Which “traditional” design rule(s) do you swear by? Generally speaking, I abide by the “Rule of 3.” If something is too symmetrical, I have to find something to offset the balance.
Which design rule(s) do you break? When it comes to scale, I tend to go with what feels right rather than “by the book.” If something organically finds its home in a certain space, I don’t question it.
Do you have favorite “traditional” design elements? I like to incorporate a fresh, live element into my designs. Plants and florals help provide a hospitable moment.
Which iconic interior designer(s) do you admire and feel are still relevant today? Furniture and/or product designer(s)? I derive inspiration from a couple storied designers. Billy Baldwin’s work always spoke to me as masculine, well-traveled, and balanced. His trademark style was collecting a mixture of objects that varied in age and origin; yet together, they told a cohesive story. Whenever I’m seeking inspiration for a fabricated piece of furniture or decorative art for a project, I generally start by thumbing through Jean-Michel Frank’s work. His eye for combining uncommon materials in creative applications is iconic.
What design eras inspire you? I’m not necessarily driven by eras in design; but rather, by eras in history. I take a lot of inspiration from the American Reconstruction and Great Depression. In those times your possessions were heirlooms, regardless of their condition, and they were treasured for generations. This resonates with me, as I try to incorporate heirloom or repurposed items in practically all of my designs.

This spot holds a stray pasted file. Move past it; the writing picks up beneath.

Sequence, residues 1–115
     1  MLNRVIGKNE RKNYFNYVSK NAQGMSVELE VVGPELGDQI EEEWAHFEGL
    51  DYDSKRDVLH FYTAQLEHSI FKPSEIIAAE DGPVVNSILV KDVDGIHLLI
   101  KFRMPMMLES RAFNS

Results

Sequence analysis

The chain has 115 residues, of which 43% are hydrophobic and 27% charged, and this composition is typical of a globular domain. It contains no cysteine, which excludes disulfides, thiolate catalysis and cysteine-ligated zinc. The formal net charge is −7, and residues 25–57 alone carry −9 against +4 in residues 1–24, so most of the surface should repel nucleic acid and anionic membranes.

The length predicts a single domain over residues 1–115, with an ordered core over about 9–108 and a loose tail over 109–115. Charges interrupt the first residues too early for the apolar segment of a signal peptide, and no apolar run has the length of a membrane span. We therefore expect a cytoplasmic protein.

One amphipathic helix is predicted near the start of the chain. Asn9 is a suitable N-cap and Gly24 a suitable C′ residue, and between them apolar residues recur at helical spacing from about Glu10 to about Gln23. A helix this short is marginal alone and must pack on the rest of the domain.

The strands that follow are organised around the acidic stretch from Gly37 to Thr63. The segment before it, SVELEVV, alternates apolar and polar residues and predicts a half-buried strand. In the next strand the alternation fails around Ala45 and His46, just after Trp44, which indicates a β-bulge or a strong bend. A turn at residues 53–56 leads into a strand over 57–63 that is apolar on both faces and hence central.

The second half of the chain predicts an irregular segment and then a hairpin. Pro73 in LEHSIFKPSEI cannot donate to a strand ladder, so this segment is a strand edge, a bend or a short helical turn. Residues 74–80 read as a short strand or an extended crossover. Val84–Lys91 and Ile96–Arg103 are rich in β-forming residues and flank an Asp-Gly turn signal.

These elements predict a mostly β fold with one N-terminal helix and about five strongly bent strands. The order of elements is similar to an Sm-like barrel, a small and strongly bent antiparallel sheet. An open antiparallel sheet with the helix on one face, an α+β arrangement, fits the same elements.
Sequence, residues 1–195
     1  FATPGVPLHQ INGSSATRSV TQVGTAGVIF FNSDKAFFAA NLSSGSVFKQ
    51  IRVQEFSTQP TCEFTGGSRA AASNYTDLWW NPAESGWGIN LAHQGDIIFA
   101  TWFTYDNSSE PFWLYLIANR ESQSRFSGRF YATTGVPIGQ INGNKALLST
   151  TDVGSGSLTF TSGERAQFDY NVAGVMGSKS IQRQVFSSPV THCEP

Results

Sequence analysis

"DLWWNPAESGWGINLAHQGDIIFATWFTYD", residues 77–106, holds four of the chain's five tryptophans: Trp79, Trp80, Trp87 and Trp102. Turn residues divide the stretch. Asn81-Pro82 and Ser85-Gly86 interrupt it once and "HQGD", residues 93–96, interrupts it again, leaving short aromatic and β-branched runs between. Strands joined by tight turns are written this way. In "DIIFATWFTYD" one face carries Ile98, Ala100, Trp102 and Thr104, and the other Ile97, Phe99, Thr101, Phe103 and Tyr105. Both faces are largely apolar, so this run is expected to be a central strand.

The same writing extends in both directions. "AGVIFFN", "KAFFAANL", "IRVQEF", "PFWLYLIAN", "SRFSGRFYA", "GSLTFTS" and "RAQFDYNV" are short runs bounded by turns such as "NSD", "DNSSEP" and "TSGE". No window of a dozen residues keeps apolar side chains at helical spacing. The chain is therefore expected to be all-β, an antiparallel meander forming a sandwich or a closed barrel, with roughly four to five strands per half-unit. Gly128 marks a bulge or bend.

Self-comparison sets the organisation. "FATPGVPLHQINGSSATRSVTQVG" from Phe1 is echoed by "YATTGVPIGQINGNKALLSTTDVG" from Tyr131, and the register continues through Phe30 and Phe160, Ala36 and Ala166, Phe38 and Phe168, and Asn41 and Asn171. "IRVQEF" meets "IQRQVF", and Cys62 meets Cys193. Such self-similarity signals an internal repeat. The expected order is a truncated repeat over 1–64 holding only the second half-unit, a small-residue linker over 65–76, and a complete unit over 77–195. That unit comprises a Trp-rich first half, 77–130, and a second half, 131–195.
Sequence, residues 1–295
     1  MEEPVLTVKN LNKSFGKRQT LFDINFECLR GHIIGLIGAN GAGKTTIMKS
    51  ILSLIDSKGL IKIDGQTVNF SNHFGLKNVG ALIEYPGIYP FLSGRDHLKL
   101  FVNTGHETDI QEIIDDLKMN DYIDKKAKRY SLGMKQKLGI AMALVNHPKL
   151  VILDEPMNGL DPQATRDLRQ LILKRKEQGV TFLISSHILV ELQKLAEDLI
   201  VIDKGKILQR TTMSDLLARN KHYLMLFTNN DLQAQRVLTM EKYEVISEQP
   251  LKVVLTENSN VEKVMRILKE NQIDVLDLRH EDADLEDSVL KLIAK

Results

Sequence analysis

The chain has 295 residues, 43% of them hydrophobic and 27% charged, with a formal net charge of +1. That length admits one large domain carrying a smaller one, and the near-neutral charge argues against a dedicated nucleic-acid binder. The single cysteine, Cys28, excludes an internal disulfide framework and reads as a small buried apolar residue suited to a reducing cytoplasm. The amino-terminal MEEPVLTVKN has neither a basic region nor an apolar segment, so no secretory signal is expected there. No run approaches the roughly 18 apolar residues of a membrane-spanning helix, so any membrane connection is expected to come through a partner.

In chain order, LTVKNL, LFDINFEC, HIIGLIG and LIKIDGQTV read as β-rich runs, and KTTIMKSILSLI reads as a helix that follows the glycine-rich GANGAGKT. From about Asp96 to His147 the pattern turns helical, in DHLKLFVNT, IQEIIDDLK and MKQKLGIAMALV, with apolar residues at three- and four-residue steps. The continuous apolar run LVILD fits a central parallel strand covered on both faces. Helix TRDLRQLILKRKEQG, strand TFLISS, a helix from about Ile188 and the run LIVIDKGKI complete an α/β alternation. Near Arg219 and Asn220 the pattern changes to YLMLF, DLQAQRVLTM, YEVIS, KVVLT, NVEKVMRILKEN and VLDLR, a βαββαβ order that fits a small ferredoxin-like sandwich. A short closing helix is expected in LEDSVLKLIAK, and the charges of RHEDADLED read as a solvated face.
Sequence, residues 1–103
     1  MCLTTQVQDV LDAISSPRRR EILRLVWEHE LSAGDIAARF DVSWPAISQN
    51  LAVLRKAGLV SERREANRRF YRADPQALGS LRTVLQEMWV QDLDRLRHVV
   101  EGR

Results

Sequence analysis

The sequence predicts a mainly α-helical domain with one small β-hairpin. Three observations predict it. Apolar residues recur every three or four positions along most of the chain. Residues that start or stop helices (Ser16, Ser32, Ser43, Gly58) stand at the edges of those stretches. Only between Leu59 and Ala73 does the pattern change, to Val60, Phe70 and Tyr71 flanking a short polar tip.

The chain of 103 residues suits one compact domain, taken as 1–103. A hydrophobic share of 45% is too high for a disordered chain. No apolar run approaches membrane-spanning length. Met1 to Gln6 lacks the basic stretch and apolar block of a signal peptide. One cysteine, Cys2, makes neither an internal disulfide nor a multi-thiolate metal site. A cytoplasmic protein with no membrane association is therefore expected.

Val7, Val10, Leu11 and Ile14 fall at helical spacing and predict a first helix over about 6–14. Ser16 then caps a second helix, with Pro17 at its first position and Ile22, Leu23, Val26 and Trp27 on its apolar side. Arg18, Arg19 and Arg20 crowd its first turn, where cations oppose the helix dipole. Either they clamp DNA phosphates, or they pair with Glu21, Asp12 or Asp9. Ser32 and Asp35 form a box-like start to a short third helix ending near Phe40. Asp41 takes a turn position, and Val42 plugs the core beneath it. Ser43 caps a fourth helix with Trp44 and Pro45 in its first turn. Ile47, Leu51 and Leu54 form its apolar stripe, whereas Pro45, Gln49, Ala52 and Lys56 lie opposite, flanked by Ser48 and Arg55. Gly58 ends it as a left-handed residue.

Which antiques or vintage designs do you think have held up over time and play well with today’s updated traditional interiors? Antique wood of all varieties continues to blend well in today’s design era. You’ll be hard pressed to find a room that can’t accommodate a beautiful, antique burl wood piece. I’m also a huge fan of using antique rugs in spaces.
Give us a couple of examples of modern and traditional design elements that work well together. (For example, Chinoiserie paired with a Parsons table or Converse worn with a Prada suit.) Some of the best opportunities for blending modern and traditional elements can be found in lighting a space. Not just with the light fixtures themselves, but with how light is employed in a room. Soft corner uplights, when incorporated with a commanding ceiling fixture, give a theatrical element. Another go-to is combining old wood with polished metal. The contrast of the two together always looks regal and storied.
What is a classic color combination that still feels fresh. Hands down, black and white! It’s the only color combination that truly possesses endless possibilities.
Do you have a favorite go-to palette at the moment? Right now I’m very attracted to juxtaposed earth tones—rich greens, browns, and grays paired with lighter neutral shades and a variety of elemental materials, such as natural fibers, metal, stone and wood.
How would you define today’s “new traditional” design? I think we’ve found ourselves circling back on tried-and-true combinations of colors and materials; focusing on a “less is more” approach to furnishing our homes with objects of greater personal importance and quality, while cutting back on unnecessary excess.
How would you describe your personal design style? A few common characteristics can be found in all my work: a marriage of old and new, subtle nods to masculinity, and a layered menagerie of the uncommon. Each job is a new horizon for me and I try my best to approach each opportunity with a fresh set of eyes while incorporating those elements.